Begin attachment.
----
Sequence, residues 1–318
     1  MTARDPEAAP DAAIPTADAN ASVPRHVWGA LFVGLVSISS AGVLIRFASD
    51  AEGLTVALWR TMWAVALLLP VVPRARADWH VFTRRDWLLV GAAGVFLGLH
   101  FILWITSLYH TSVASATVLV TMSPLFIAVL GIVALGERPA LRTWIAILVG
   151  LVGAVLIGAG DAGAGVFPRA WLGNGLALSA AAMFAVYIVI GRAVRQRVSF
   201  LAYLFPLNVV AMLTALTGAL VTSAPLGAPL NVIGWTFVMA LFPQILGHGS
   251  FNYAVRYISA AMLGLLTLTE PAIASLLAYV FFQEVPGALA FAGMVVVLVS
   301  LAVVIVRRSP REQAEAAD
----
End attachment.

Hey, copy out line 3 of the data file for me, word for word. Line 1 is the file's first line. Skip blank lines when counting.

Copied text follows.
    51  AEGLTVALWR TMWAVALLLP VVPRARADWH VFTRRDWLLV GAAGVFLGLH